An Afghan asylum seeker accused, in Italy, of being a member of an Islamic State (Isis) cell, planning attacks in Britain, has claimed that the gun he was holding in photos released by police was a toy weapon. Hakim Nasiri denied being a terrorist a day after a he was released from jail, in the Italian city of Bari, for lack of evidence.
The 23-year-old said that a key piece of evidence that brought about his arrest on 10 May bore the fruit of misunderstanding. He claimed that photos police alleged of him holding a M16 semi-automatic rifle were taken by friends in a Birmingham supermarket he used to work at.
The rifle, he said, was a replica on sale in the toy department of the store. "The photo was a joke between friends," he told local media.
His lawyer, Adriano Pallesca, told IBTimes UK that Nasiri lived in and worked irregularly in Britain between 2013 and 2014, after being smuggled into the UK on a truck from Calais. The lawyer didn't know the name of the store that employed his client, who initially arrived in Italy in 2011, via Greece and Turkey.
Italian authorises had only granted him provisional asylum on 5 May, days before he was arrested. Prosecutors alleged that, along with a number of accomplices, he had carried out a series of scouting operations in Britain and Italy in preparation for possible attacks.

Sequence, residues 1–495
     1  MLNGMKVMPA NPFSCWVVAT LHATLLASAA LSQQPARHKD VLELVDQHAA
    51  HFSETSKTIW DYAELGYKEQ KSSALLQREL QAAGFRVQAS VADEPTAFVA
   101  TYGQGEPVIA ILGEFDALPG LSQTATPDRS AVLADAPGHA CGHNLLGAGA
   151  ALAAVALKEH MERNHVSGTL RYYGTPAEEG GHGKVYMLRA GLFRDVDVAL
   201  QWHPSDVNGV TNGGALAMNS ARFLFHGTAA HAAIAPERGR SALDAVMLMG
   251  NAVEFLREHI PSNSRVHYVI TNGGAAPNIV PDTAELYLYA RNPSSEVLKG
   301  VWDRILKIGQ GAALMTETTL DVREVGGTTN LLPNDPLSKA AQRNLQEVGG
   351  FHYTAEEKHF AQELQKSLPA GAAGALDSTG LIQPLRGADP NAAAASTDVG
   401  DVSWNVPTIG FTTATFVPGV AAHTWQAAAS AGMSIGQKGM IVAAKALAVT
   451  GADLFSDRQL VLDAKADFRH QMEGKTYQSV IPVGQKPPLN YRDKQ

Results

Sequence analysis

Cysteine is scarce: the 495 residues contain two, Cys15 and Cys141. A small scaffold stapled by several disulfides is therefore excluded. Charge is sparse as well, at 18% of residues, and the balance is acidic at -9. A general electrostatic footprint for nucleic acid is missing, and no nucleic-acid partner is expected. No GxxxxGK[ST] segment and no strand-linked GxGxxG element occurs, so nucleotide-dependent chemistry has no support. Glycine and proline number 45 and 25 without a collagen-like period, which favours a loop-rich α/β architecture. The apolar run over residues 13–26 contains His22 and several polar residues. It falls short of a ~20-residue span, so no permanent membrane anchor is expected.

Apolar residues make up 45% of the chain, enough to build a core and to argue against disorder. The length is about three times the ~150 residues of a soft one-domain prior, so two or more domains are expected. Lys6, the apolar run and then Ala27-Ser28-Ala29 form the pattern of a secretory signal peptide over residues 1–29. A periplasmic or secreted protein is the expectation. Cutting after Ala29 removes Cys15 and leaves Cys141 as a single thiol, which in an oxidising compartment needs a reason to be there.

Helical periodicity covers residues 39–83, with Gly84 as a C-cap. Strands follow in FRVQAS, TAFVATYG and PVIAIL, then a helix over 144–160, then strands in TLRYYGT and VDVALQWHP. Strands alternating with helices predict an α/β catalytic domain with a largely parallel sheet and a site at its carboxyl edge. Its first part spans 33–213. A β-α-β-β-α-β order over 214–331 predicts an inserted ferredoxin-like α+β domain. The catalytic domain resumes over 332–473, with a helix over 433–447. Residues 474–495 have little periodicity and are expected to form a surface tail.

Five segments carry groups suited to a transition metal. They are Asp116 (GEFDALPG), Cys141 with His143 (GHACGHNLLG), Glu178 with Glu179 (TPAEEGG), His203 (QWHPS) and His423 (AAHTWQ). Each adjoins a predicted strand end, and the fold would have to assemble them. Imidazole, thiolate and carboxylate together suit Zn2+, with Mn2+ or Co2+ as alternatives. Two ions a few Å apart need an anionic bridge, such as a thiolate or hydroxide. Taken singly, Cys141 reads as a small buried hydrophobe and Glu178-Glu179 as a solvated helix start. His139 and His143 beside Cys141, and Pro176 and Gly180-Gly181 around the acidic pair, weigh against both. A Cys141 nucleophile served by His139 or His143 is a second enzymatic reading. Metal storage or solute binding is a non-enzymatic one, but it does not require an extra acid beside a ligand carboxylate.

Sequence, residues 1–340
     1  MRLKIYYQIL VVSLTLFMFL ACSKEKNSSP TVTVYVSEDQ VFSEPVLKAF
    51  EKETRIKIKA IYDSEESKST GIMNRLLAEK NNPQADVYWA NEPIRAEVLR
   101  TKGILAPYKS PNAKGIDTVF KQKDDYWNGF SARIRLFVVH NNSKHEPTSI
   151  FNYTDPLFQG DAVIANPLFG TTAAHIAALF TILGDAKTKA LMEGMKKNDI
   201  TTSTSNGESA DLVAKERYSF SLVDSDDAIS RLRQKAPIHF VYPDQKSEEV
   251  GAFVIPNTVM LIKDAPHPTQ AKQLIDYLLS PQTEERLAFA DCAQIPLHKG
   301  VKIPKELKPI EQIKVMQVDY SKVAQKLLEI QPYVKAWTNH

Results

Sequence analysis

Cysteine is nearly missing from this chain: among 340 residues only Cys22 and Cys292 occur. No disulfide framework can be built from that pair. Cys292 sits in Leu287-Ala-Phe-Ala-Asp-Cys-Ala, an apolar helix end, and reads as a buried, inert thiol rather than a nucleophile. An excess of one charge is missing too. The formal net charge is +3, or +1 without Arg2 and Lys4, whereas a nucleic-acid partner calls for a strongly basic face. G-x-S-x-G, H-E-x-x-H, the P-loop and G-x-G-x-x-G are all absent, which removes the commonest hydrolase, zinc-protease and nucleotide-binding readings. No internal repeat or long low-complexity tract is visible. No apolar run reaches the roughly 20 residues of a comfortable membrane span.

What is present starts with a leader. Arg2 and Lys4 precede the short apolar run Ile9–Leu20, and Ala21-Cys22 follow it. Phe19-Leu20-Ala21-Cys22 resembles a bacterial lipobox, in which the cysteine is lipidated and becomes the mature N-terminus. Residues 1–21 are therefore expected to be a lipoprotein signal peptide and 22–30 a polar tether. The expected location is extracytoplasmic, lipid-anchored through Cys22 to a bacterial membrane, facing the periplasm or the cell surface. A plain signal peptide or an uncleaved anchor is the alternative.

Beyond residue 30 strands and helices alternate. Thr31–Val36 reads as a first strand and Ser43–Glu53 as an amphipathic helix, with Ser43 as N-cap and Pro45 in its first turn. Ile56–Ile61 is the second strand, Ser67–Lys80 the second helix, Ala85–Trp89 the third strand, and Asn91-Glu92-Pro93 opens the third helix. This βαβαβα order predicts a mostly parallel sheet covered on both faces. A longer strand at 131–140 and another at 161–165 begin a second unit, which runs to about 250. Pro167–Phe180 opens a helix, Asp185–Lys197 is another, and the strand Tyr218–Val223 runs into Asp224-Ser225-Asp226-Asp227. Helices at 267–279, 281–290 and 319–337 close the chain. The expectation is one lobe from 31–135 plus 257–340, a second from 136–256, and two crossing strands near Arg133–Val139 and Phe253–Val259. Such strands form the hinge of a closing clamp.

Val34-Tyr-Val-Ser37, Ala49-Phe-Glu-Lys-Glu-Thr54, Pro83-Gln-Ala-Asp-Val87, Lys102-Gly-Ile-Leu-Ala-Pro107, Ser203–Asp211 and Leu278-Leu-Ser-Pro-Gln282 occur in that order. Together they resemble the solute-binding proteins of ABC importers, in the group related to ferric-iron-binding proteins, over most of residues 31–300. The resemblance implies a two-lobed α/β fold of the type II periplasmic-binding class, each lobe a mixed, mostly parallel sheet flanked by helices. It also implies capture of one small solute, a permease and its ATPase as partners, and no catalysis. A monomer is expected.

Police retrieved images of landmark sites, including a number of London hotels and Rome's Colosseum, from Nasiri's mobile phone as well as alleged jihadi propaganda material.
In a picture uploaded on a Facebook page believed be his, the man could also be seen making the middle-finger gesture towards a poster of Malala Yousafzai, the Pakistani girl rights' campaigner and Nobel prize-winner who was shot by the Taliban.
Nevertheless, on 12 May a judge ordered Nasiri to be released from custody saying that, although elements of the case suggest the suspect "belonged to the world of radical Islam", there was no indication he actively attempted to turn ideas into actions.
Pallesca went further, claiming that his client was no radical at all. "I am a responsible for a foreigners reception centre located inside an evangelical church here in Bari and he has come a few times to pray there. An Islamist fanatic wouldn't have done that."
The lawyer was not immediately alerted when Nasiri was let out of jail and was not able to contact him for a few hours afterwards, leading to concerns on his whereabouts. The asylum-seeker later explained he had spent the night at a friend's house. Prosecutors said they would appeal against the decision to free him and he remains under investigation.